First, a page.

icon-    folder.gif   Conference Reports for NATAP  
18th International Workshop
on Comorbidities and Adverse
Drug Reactions in HIV,
September 12-13, 2016, New York
Back grey_arrow_rt.gif
Regulation of muscle function and mass by the bone-derived hormone osteocalcin - Brain/Bones/Muscle Exercise Connection/Mortality Too/Comorbidities Workshop-NY 9/16
  Reported by Jules Levin
18th International Workshop on Co-morbidities and Adverse Drug Reactions in HIV, Sept 12-13, 2016, New York, NY
Gerard Karsenty, M.D., Ph.D.
Department of Genetics and Development, Columbia University Medical Center
FULL COVERAGE: 18th International Workshop on Comorbidities and Adverse Drug Reactions in HIV, September 12-13, 2016, New York
7th International Workshop on HIV and Aging September 26-27, 2016
Washington, DC


Bone & The Brain: osteocalcin predicts brain function - (09/23/16) ....cognitive deterioration and reductions of bone health coincide with increasing age. We examine the relationship between bone composition and plasma markers of bone remodelling with measures of cognitive performance in healthy adults.....adjusting for covariates and multiple testing revealed that plasma OC [osteocalcin] levels were positively associated with measures of executive functioning (β = 0.444, P < 0.001) and global cognition (β = 0.381, P = 0.001) in the older women.
Brain Growth with Exercise - (09/23/16)......"These reports indicate that incorporating a regular exercise routine, and specifically aerobic exercise, into your daily regimen can not only prevent age-related degeneration but increase the size of the brain's most important learning and memory structure - the hippocampus"
Bone and Muscle Endocrine Functions: Unexpected Paradigms of Inter-organ Communication - (09/23/16)....Cell 2016 March Gerard Kersanty
"Exercise is the only way to preserve muscle function"- "Future research will be needed to determine whether osteocalcin supplementation can be used in aging humans to promote exercise capacity. Interestingly, a very recent study linked plasma osteocalcin levels to brain functioning in humans (Bradburn et al., 2016). This possible link between bone health and brain health warrants future research and is another exciting example of the brain body connection.".......
Exercise/Brain/Bone/Muscle Connection....Gerard Karsenty, M.D., Ph.D....http://www.natap.org/2016/HIV/092316_01.htm.....As it was recently discovered that certain hormones are directly secreted from the bones, they turned to one in particular that is involved in metabolism and bone building: osteocalcin (Karsenty & Olsen, 2016).....First, they found that circulating osteocalcin levels doubled after only one 45-minute exercise session in both young adult mice and men. Second, they found that during the aging process, osteocalcin levels in mice decreased by 70%, which was accompanied by a decreased ability to perform exercise. Further, they found that aging dampened the ability of exercise to increase circulating osteocalcin. Similar findings were found in monkeys and humans as well, indicating that this is a robust finding across species. Based on these findings, they next asked whether exogenously administered osteocalcin could increase the capacity for exercise in young adult mice. What do you think happened? By injecting mice with osteocalcin immediately before exercise, their capacity to exercise significantly increased. That is, compared to controls, mice injected with osteocalcin increased their time spent running and distance traveled on a treadmill by over 20% before they reached exhaustion. These exciting findings led them to ask the same question in older mice with an already decreased capacity for exercise. What happened when older mice were injected with osteocalcin? They were able to run just as much as young mice, essentially "reversing the age-induced decrease in exercise capacity."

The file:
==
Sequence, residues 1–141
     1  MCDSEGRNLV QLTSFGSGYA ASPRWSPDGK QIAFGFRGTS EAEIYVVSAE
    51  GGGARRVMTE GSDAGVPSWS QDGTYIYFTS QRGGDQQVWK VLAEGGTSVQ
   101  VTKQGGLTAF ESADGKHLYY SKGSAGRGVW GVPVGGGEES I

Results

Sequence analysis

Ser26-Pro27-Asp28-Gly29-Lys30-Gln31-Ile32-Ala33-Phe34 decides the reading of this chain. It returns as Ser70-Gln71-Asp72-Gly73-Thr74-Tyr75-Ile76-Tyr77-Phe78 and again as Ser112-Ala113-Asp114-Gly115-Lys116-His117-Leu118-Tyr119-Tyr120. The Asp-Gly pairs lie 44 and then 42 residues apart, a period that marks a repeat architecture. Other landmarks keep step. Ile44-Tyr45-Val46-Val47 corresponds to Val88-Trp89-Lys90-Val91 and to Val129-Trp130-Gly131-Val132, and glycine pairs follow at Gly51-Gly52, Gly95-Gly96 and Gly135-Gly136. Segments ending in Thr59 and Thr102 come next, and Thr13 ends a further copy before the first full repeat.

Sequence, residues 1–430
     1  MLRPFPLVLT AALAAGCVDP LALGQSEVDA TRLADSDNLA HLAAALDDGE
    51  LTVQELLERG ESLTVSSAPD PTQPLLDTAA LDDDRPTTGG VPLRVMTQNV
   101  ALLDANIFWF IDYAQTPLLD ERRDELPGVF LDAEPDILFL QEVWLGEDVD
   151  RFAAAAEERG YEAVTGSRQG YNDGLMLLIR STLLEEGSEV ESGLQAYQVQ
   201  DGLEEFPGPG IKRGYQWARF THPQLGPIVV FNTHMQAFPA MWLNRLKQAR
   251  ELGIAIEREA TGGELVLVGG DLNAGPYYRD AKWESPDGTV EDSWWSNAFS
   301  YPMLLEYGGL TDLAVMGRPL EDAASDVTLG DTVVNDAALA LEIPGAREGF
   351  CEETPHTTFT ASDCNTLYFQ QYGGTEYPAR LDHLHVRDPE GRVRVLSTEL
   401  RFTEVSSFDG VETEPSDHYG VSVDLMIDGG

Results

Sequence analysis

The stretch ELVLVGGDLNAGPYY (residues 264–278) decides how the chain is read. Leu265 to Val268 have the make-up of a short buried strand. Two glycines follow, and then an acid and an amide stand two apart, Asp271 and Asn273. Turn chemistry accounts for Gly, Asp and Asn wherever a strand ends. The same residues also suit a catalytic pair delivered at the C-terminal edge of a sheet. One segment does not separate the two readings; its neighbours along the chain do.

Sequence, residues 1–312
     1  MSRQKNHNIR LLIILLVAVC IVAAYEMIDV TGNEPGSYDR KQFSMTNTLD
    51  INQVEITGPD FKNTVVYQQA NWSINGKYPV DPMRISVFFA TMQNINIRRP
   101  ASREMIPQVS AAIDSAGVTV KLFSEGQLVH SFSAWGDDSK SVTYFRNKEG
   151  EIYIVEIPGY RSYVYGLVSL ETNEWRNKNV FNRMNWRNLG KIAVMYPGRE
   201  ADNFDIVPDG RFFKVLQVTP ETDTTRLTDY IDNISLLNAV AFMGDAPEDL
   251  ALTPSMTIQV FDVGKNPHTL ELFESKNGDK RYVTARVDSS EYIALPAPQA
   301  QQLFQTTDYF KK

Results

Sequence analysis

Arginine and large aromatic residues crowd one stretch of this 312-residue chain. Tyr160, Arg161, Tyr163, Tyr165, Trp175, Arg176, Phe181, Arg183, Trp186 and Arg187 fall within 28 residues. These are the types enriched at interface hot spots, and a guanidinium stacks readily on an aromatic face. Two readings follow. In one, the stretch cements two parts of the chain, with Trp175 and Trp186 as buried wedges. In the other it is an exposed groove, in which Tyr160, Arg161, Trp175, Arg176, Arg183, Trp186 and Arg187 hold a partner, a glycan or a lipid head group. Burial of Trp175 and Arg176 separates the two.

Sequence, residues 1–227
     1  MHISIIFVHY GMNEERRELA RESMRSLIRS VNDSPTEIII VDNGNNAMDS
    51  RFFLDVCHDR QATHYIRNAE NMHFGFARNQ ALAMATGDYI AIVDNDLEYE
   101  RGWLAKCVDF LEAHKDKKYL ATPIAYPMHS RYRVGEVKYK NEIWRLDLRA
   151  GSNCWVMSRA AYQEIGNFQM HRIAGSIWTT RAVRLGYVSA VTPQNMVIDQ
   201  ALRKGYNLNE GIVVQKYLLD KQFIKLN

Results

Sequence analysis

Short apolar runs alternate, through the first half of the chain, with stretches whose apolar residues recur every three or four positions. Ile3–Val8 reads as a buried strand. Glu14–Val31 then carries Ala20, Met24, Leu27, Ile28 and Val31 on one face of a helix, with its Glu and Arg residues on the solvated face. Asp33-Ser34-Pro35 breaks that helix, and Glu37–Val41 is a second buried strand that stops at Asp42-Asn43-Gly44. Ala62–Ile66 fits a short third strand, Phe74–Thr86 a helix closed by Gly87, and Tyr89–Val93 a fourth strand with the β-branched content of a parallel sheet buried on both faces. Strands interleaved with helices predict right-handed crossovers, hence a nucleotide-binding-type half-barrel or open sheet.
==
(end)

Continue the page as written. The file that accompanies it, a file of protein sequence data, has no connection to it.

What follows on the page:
Muscular Strength & Mortality in Men http://www.natap.org/2008/HIV/082508_01.htm
Muscle Strength/brain-mortality/after fracture & Before / Quadriceps weakness and post-fracture mortality http://www.natap.org/2016/HIV/121416_04.htm....."an intervention to increase muscle strength in the older people may be a good target for both fracture and premature mortality risk reduction."
Strong Leg Muscles Improve Brain Functioning - 2 studies report: Kicking Back Cognitive Ageing: Leg Power Predicts Cognitive Ageing after Ten Years in Older Female Twins http://www.natap.org/2016/newsUpdates/092616_04.htm
Endocrine Actions of Osteocalcin https://www.hindawi.com/journals/ije/2013/846480/